It’s a testament to the sheer determined reliability of the Tifosi CK7 that it’s still running sweetly after six months of winter pothole-bashing, despite a maintenance regime best described as ‘park it in the hall and go make dinner’.
Since last November the CK7 has served as my main transport for the five-mile daily dash across London to the office. In that time it hasn’t skipped a beat: not even a puncture has interrupted its unflappable progress across the capital’s urban moonscape.
It needs new brake pads, but that’s not surprising after a winter of stop-start riding, especially given that what I laughingly call my riding style involves sprinting like an idiot from one set of lights to the next.
And it’s perfect for this variety of urban daftness. Its 7005 aluminium frame is plenty stiff; the carbon fork takes off the sting when you fail to see a pothole because you’re busy avoiding a bus; full-length mudguards help keep you dry; there’s provision for a rack so you can carry a load without a sweaty back; and the Miche wheels have proven tough as old boots.
The Tifosi CK7 has also been an enjoyable ride on longer distances. The CK7 isn’t just a great commuter. Its solidity and upright posture make it a good open-road cruiser, though if you’re determined to be the fastest sportive rider on earth, you’ll probably want something a bit lighter and racier.
The CK7’s attributes come from a mixture of a decent quality aluminium frame and a solid mixture of Campagnolo Veloce and Miche components. The geometry gives a nice combination of a fairly upright position with accurate handling. It’s a refreshing change from some sportive bikes that are so upright their lack of weight on the front wheel means they don’t want to go round fast corners. The CK7 is happy to hand you point and shoot grins when the going gets twisty.
Veloce is Campagnolo’s least expensive component group, but even so you don’t get a full set of it here, just the derailleurs and shifters. The chainset and brakes come from Miche but the resulting hybrid component collection still works well, with a couple of niggles.
The brakes were a bit squeaky in wet conditions, and there’s no way to toe in the pads without resort to the old-fashioned trick of bending the brake arms a little. Upgrading to better pads and holders when the original ones wear out would fix this and also improve overall braking as metal-bodied holders better support the pads.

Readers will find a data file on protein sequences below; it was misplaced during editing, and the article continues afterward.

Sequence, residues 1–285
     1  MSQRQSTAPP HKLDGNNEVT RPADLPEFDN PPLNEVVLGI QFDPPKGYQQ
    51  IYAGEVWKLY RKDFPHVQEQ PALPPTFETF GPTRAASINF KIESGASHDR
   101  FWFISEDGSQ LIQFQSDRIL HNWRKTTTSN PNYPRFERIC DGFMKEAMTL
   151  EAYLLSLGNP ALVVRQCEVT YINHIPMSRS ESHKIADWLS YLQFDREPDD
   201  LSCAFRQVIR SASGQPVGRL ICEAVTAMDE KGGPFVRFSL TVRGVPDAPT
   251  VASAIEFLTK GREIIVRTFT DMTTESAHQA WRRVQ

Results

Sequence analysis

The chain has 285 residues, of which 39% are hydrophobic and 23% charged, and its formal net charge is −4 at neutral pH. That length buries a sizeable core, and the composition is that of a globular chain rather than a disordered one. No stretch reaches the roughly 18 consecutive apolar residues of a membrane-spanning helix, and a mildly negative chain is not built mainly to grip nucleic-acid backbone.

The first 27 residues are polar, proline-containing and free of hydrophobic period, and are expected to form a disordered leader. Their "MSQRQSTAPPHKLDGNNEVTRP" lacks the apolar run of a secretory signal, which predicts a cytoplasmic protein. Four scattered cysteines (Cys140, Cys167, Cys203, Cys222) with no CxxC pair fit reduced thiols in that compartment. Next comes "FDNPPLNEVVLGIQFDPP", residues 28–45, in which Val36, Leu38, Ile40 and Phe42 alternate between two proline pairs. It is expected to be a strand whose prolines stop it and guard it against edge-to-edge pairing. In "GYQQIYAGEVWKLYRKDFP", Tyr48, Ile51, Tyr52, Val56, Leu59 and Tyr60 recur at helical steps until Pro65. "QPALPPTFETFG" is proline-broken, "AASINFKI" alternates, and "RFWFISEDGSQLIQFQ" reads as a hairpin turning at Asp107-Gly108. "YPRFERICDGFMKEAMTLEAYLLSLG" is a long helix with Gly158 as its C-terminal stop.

The 50/34 Miche chainset is spot-on for the CK7’s intended use, providing low ratios for the hills and quick shifting. No complaints either about the Campagnolo Veloce gears and even though I have fairly large hands, I prefer the shape of the brake levers to Shimano’s cables-under-the-tape offerings. Campagnolo’s shifting, on the other hand, has a distinct firm clunk as you go from gear to gear, rather than the soft click of a Shimano shift. They have individual personalities, and which you prefer will depend on your taste.
It might seem like a sad and nerdy thing to get excited about, but one of the CK7’s greatest features is the SKS Bluemels mudguards. If you actually want to stay dry(ish) in wet weather, then you need full-length mudguards, not silly short ones. The CK7 has the longest mudguards we’ve ever seen, with a plastic extension on the front guard that almost touches the floor and a long rear section that stops a friend on your wheel from getting spattered. They don’t quite make riding in the rain a joy, but they sure make it more bearable.
One thing we’d change to make the CK7 a shade comfier and tougher still is the tyres. The Vittoria Zaffiros fitted are not bad, but they’re 23mm wide. There’s room in the frame for 25mm tyres and they’d help cushion the road buzz that’s an inevitable consequence of a stiff aluminium frame
There’s a lot to like about the Tifosi CK7 and very little to complain about. The package brings you decent gears and brakes on a versatile, accurate-handling frame with bombproof wheels and terrific mudguards, and the whole lot comes wrapped in great-looking green and white paint.